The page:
Contemporary theory predicts that the degree of mimetic similarity of mimics towards their model should increase as the mimic/model ratio increases. Thus, when the mimic/model ratio is high, then the mimic has to resemble the model very closely to still gain protection from the signal receiver. To date, empirical evidence of this effect is limited to a single example where mimicry occurs between species. Here, for the first time, we test whether mimetic fidelity varies with mimic/model ratios in an intraspecific mimicry system, in which signal receivers are the same species as the mimics and models. To this end, we studied a polymorphic damselfly with a single male phenotype and two female morphs, in which one morph resembles the male phenotype while the other does not. Phenotypic similarity of males to both female morphs was quantified using morphometric data for multiple populations with varying mimic/model ratios repeated over a 3 year period. Our results demonstrate that male-like females were overall closer in size to males than the other female morph. Furthermore, the extent of morphological similarity between male-like females and males, measured as Mahalanobis distances, was frequency-dependent in the direction predicted. Hence, this study provides direct quantitative support for the prediction that the mimetic similarity of mimics to their models increases as the mimic/model ratio increases. We suggest that the phenomenon may be widespread in a range of mimicry systems.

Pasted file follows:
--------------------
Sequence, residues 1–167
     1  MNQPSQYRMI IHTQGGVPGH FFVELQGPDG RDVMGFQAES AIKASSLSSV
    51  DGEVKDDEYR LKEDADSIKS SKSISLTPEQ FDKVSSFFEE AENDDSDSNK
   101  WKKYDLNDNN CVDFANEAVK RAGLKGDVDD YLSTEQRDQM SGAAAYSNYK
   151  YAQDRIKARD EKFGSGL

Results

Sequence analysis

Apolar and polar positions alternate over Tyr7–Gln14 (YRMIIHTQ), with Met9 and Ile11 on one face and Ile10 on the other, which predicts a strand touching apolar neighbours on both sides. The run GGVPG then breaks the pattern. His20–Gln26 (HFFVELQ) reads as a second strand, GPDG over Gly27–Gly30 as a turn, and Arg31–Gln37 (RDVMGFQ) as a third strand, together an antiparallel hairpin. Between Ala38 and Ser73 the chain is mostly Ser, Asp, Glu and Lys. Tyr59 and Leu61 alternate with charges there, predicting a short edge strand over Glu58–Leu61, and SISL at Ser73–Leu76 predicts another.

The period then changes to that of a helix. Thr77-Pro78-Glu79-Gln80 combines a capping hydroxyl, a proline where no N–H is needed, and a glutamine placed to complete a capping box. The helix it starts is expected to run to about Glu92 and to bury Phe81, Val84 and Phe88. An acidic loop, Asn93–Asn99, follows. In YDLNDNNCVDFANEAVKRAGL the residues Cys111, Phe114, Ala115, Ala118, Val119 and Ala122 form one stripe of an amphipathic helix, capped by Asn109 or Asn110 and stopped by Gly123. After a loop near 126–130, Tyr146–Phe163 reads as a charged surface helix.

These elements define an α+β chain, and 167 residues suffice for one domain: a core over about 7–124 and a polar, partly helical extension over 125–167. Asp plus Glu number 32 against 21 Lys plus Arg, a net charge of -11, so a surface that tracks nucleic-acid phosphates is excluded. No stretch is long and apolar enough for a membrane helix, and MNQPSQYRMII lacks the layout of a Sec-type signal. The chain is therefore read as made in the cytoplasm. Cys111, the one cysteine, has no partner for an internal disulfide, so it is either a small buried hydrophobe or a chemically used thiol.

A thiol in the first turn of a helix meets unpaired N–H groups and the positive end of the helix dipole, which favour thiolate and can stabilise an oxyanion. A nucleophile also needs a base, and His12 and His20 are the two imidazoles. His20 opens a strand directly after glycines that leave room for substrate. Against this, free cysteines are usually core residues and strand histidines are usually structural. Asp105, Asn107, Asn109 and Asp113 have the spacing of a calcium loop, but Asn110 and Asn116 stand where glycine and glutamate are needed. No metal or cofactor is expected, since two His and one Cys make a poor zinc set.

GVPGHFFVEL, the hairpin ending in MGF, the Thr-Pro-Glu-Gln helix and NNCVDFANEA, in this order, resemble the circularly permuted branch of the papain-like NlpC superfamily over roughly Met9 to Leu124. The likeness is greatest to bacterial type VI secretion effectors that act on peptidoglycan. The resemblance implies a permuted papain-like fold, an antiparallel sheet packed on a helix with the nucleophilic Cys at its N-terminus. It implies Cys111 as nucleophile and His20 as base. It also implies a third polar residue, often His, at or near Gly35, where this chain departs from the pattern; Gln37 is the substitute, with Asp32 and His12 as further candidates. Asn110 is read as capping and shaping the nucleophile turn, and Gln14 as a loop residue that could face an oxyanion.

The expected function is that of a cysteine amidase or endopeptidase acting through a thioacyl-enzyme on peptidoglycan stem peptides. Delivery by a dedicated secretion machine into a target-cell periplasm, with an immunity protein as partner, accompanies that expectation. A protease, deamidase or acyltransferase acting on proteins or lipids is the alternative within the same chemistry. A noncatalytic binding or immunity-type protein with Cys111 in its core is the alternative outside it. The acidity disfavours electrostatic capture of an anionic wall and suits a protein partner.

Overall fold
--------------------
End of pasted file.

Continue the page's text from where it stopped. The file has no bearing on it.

• Received January 19, 2011.
  • Accepted February 11, 2011.
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